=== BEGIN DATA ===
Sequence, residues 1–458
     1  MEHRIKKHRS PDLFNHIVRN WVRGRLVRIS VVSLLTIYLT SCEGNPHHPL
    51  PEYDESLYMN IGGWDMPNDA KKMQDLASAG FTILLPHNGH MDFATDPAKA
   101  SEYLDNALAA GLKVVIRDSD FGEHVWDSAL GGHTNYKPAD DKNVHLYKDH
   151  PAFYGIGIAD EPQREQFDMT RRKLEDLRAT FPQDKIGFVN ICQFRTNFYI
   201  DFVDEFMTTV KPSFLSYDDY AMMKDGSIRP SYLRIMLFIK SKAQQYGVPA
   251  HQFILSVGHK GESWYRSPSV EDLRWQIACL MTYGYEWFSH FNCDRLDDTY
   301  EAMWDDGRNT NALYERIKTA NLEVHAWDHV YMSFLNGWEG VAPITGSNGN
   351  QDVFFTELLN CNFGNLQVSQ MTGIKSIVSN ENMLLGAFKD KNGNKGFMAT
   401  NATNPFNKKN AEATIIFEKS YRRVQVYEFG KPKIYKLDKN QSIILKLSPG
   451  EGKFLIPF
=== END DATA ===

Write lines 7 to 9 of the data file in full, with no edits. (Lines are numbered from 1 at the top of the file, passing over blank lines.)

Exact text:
   251  HQFILSVGHK GESWYRSPSV EDLRWQIACL MTYGYEWFSH FNCDRLDDTY
   301  EAMWDDGRNT NALYERIKTA NLEVHAWDHV YMSFLNGWEG VAPITGSNGN
   351  QDVFFTELLN CNFGNLQVSQ MTGIKSIVSN ENMLLGAFKD KNGNKGFMAT